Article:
that she isn't alone. This movie is not about contact with extraterrestrial
intelligence. It's about contact.
Ellie doesn't have any. Nothing meaningful, anyway. When it turns out that
the machine is a vessel designed for one person to ride in — just one, in
the movie, since five would undermine the theme — a lunky astronaut drops
out of the competition because he can't leave his kids. This isn't like a quick
jaunt to the moon; the twin paradox says that even if everything goes fine for
the traveler, by the time he or she returns, if he or she returns,
generations will have come and gone. But Ellie isn't like the astronaut. She
has nothing to leave, really. Palmer Joss tries to impress upon Ellie that
boarding the machine is tantamount to suicide. She knows. In a way, that's
kind of the point. And it leads to another of the great sequences in the film.
Under tight security, Ellie is escorted by a pair of blank-faced guards to her
seat in the vessel; for all practical purposes, she's going to the electric
chair. Sealed in the vessel, Ellie starts to lose her connection with the
command center, and as the energy ramps up and the machine starts to vibrate
violently, and the guy in charge takes steps to abort the mission, she insists,
"I'm okay to go! I'm okay to go!" By the time the power is at 90% she is
sobbing. "Okay to go, okay to go," she whimpers. She might as well be stuffing
pills into her mouth all the while. And that's a lot more interesting than any
idea in the novel. The premise of the novel is that an interstellar civilization
sends a message to the planet Earth, which sends a quintet of bland scientists to
discuss the philosophical implications of humankind's technological adolescence.
The premise of the movie is that an interstellar civilization sends a message to
the planet Earth, which sends the half-suicidal loner genius woman-child who'd been
listening for it to cross the galaxy and get a hug. This is a huge improvement.
When the laserdisc of Contact came out (yeah, somehow I ended up with a
laserdisc player) I listened to Jodie Foster's commentary track. "Why settle
for less on Earth?" she asks, explaining Ellie's point of view. "Human interactions
and relationships can be very messy — people die, they leave you, they hurt
you — so why not search out there for something that's purer?" I could
relate. In Contact, Ellie is reunited with a simulacrum of her dad; I
remember talking about it with Liza Daly in 1997 and telling her that, yeah, if I
knew that there were some means by which I could somehow meet even a holodeck
version of my sister, I'd be "okay to go," too. But a couple of years later
something much better happened: I met the love of my life. We met online and after
a few months she flew out to Seattle to spend the week with me, and since this was
back in the days when there was still a World Trade Center, I met her at the gate.
And as we walked through the terminal, I couldn't help but think — she
was just like Ellie Arroway. She was the same height, her hair was the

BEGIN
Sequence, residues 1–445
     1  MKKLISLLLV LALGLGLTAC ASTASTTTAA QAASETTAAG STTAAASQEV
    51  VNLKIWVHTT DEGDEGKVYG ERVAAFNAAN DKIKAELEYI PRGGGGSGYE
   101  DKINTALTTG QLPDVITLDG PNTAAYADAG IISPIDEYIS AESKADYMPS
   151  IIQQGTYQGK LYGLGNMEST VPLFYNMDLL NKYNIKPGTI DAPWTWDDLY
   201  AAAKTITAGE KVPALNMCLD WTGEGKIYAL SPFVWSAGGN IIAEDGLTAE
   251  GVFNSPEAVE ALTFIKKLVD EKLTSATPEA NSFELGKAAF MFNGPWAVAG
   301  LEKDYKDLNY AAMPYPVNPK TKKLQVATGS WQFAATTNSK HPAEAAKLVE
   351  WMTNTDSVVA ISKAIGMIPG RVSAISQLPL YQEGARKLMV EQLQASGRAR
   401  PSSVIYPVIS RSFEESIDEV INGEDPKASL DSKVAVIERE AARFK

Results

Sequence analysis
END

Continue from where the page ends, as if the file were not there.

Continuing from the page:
same color and length and style, she dressed the same, she spoke the same way,
she had the same sorts of expressions and the same fierce intelligence. She
turned out to be very different from Ellie in other ways, of course, but the
parallels were striking. It's actually why we ended up watching this: I
suggested in '99 that we watch Contact sometime, and we finally got
around to it six years later.
I think some of why the movie version of Contact worked better for me
is that its vision of contact is more in tune with mine than the novel's is.
I've spent most of my life like Ellie, basically cut off from everyone, finding
no connections in the usual places and instead looking unsuccessfully in the
unusual ones. It's a pretty miserable existence. The problem is, as I was
freshly reminded last week, I'm even more unhappy around large groups of people.
If I were in the scene from the novel with a small mob of scientists and an
equal number of aliens romping around on the beach, I'd be looking for a room
to hole up in. The movie gives us one earthling and one alien, and that's more
my speed. I'm a pair bonder. Some people need more contact than that. I
don't. As long as I've got my gal, I don't really feel inclined to ask for
anything more. I don't even need the rhythm or the music.
And the movie also distills the exchange with the aliens from a multi-page
bull session to a single message: in the vastness and space and the immensity
of time, the only thing that makes the emptiness bearable is each other. In
the movie theater I had to take that on faith. For the first 25 years of my
life... well, let me put it this way. There is a novella called "The Awakening"
about a woman who is being stifled by her family life and moves out —
scandalous in 1899. I don't remember it very well, but there's one passage that
has always stuck with me. It's in Chapter 24. Her husband is gone, her children
are gone, and at last, at long last, she's finally alone, truly alone. And then
she has the maid bring her her sandals. Buh? Ah, but the maid doesn't count,
you see. She's a maid. It's not like she's, y'know, a person or anything.
To someone like the protagonist of "The Awakening," maids aren't part of the visible
spectrum. And that was pretty much my life for 25 years. It's not just that no one
wanted to pair off with me — it's that they didn't see me as belonging to the
class of creatures one pairs off with. I wasn't part of their visible spectra. But
Jen doesn't limit herself to the visible. To Jen, the night sky isn't black —
it's mostly radio. When I was an invisible boy to everyone else, Jen could see me.
She was tuned into my frequency, just like Ellie was tuned into Vega's. And to
describe how much better the past six years have been than what came before, and to
describe how grateful I am to have someone like Jennifer Ann Earl in my life...
well, it's like Ellie says. They should've sent a poet.